6 Ways Social Media Helps People Help People
I think in the midst of all the political content that has been released since the presidential campaigns and presidential election, we have lost sight of some of the things that makes social media great. This article gives a brief, but meaningful overview of how social media has a positive influence on our lives. The ideas are simple: spreading love, connecting with others, giving charity, etc. It provides many links to inspiring articles of how people have proactively helped people in trouble through social media.
We’ve seen how successful social media has been in bringing people together to support a cause. Take the ice bucket challenge, for example. Yes, the video was funny to watch, and people undoubtedly enjoyed nominating their friends to the same fate. But we also know that people were inspired to help. Nominees could have claimed to donate but then not continued to follow through with their promise. However, the campaign ended up raising over $115 million (http://time.com/money/4000583/ice-bucket-challenge-money-donations/). Not only did people raise money, they helped raise awareness by bringing the typical searches for ALS from 500 to 68,000 in one month.
Even when social media seems unbearable and negative, we should remember the positive influence it can have.
Since this year’s election, fake news and its impact on the world has become a huge issue. Specifically, Facebook has gotten a lot of backlash for their handling of the issue. According to Mark Zuckerberg, Facebook is working to combat this “misinformation.” One of the biggest hurdles is that much of the misinformation is driven by financially motivated spam. Despite this, Zuckerberg and his team plans on “raising the bar for stories that appear in related articles under links in the News Feed,” using mainly software to accomplish this. The main steps Zuckerberg laid out include stronger detection, easy reporting, third party verification, warnings, related articles quality, disrupting fake news economics, and listing. The post on his Facebook that detailed these steps received mostly positive sentiment, but some people feel reads should just corroborate their news sources on their own. Broadly speaking, the fake news epidemic on Facebook shows how much Facebook has evolved from its onset, beginning as a tech-rented company into a complex media platform.
Even though this article was gossip, I believe it is also interesting how social media can go wrong very easily and happens quite often. In class, we talk about all of the great benefits of social media and having a social media presence. We never really talk about how there are so many issues with social media and how social media can actually harm so many people like this celebrity.
This article was very interesting because it was a basic summary of the trends that were very popular in the social media industry. Some of them were new and others were old but overall the changed the social media world in 2016. The most interesting one was Snapchat Stories. I feel like I have snap stories for so long but it was only this year that it was implemented. Since then, it has taken off as one of the most important parts of snapchat. You are able to see your friends and what they are doing and has become a vital part of company and friends social media presence.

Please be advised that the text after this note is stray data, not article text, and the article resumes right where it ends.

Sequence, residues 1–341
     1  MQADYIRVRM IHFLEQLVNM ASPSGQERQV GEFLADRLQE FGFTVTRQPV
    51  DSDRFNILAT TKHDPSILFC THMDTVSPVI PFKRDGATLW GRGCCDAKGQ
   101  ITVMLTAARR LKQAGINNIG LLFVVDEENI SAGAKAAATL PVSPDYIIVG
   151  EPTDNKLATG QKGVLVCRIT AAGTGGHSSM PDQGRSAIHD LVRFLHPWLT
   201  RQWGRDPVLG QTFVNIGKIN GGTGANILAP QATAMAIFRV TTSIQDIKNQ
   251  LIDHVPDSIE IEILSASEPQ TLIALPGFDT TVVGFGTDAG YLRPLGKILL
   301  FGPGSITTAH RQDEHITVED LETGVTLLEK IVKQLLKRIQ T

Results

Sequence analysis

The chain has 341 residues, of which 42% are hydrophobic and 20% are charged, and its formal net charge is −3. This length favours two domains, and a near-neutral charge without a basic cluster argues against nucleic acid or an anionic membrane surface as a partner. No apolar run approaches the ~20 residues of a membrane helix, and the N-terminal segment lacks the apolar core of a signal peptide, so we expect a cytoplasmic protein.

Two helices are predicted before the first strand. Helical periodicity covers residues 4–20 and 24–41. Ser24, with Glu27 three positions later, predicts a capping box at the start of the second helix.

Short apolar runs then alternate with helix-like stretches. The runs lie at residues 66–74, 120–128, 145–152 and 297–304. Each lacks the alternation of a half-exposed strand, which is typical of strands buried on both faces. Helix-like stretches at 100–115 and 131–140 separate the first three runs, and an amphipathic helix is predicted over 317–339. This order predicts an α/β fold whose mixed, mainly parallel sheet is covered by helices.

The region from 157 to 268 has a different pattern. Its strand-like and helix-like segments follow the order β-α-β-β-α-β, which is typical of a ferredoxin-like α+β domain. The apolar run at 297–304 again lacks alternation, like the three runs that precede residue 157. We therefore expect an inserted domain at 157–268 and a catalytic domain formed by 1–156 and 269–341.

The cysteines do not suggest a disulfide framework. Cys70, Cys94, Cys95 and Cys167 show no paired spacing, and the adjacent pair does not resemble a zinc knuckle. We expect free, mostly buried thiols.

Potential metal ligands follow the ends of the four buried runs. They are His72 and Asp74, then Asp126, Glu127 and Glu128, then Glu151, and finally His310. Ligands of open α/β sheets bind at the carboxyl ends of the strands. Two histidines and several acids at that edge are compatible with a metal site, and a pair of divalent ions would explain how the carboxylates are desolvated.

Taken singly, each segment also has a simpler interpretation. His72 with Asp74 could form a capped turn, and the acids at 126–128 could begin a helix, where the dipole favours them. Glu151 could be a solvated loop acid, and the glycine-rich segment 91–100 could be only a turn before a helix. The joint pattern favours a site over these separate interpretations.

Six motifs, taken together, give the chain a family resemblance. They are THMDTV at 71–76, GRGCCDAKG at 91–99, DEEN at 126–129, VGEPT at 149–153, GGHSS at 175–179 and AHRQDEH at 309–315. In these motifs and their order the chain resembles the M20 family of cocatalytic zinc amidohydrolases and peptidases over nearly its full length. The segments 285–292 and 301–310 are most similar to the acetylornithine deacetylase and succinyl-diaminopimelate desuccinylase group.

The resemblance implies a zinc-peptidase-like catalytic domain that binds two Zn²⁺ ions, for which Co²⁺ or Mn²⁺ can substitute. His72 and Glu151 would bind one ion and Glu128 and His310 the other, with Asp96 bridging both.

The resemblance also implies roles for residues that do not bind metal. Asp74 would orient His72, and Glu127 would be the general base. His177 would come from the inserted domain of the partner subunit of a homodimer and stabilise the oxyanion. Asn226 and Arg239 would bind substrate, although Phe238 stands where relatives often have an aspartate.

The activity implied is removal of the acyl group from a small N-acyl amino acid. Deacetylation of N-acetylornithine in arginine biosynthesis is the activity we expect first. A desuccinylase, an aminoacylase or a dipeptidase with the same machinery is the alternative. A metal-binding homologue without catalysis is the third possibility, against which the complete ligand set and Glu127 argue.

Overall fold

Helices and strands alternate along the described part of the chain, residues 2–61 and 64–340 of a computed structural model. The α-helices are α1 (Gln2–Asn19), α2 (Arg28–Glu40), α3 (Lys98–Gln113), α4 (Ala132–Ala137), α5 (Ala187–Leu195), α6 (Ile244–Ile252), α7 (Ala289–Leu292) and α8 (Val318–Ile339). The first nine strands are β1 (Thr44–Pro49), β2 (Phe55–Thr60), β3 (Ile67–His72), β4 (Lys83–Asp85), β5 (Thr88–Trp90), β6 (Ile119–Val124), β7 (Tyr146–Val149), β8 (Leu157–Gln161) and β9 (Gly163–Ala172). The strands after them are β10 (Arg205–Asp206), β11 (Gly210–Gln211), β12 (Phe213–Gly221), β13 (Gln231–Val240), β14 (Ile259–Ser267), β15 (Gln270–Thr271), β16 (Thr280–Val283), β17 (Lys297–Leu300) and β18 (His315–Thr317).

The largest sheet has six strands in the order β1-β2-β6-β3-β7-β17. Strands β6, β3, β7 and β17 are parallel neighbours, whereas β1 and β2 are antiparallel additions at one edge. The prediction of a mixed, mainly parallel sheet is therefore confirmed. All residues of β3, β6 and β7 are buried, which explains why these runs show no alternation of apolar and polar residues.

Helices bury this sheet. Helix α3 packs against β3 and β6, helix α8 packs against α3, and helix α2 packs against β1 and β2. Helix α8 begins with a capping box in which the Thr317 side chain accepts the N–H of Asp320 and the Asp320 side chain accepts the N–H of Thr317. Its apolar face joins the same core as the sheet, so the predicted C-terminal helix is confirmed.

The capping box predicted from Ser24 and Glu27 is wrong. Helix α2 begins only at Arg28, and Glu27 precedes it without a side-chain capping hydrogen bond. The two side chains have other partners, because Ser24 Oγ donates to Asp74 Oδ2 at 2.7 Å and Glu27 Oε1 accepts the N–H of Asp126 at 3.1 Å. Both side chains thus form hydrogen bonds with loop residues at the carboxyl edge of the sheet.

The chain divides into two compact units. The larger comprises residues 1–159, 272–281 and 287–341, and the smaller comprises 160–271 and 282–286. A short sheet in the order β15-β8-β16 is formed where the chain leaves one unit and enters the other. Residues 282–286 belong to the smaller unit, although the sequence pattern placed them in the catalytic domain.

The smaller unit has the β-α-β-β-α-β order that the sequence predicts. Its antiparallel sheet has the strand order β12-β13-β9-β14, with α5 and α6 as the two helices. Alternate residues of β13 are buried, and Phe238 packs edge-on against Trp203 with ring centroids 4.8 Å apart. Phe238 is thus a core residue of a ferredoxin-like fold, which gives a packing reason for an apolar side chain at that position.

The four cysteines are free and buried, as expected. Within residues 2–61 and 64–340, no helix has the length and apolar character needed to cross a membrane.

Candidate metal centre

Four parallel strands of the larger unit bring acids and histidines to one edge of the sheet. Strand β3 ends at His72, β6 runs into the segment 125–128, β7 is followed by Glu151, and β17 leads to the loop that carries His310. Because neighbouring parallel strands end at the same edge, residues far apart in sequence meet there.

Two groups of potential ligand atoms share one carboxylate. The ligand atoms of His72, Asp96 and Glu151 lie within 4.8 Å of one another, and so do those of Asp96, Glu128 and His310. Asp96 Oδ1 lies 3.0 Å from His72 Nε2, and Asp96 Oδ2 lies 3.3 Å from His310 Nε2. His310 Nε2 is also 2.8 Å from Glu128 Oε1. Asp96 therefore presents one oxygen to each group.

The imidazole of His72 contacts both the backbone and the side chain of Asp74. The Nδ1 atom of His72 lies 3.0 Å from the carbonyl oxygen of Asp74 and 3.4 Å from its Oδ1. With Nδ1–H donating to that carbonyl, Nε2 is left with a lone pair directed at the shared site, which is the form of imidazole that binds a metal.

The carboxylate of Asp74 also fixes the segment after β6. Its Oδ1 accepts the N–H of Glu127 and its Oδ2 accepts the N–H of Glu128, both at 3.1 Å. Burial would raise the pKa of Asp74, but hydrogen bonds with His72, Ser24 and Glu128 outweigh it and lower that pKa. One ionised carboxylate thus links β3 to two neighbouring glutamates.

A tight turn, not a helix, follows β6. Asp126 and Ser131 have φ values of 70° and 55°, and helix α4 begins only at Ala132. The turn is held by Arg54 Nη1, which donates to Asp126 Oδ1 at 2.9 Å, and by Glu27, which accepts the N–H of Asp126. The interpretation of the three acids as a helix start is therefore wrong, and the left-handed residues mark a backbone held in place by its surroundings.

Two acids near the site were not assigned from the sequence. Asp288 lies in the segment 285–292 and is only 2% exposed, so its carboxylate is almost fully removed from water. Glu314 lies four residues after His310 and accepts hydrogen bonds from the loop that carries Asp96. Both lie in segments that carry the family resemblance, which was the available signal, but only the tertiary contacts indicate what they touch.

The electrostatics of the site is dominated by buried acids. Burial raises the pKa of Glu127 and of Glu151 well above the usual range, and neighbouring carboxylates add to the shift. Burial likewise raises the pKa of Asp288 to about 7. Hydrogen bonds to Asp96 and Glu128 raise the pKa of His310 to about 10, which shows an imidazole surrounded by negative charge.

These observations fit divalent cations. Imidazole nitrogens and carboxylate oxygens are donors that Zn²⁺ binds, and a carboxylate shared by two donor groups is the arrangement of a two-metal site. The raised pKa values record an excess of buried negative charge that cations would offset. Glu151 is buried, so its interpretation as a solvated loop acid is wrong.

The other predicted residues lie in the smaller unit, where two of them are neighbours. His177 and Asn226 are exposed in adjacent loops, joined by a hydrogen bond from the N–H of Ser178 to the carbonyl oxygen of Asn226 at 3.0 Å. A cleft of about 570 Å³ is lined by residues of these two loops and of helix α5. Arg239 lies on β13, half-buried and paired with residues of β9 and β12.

This article is an interesting take on social media and the professional world. It is in response to another column posted in the New York Times titled “Quit Social Media. Your Career May Depend on It.”
In the past decade, social media has become a huge part of our culture. Traditionally, people entering the workforce were told to hide or delete their social media accounts so that current and future employers would not be able to view them. Gillooly recommends instead of hiding or quitting social media, users need to use it to their advantage. He also says that quitting social media may actually have a negative response in the professional world since it is essentially “as important as your résumé. Social media use is now a standard of the hiring process, and there’s little chance of going back.”
I wanted to share this article because the topic is something extremely relevant to us as we enter the workforce and it is different than the usual opinion we are told about social media.
The article begins by saying how social media is no longer an option for businesses, but is now a requirement because social media is a means of communication. It discuses how in 2017 social media is going to be focused on high impact and live streaming. It references Donald Trump’s social media campaign, “#makeamericagreatagain” and how this was so successful. The article discusses some different methods that will be implemented in 2017 to further the success of social media. One example is live streaming. Facebook is investing a lot into Facebook Live to provide users with immediate content. They can use live streaming for event excitement and marketing, product placement and shoutouts. Furthermor, the article provides businesses with other options to more effectively use Facebook and other social media sites to better market themselves.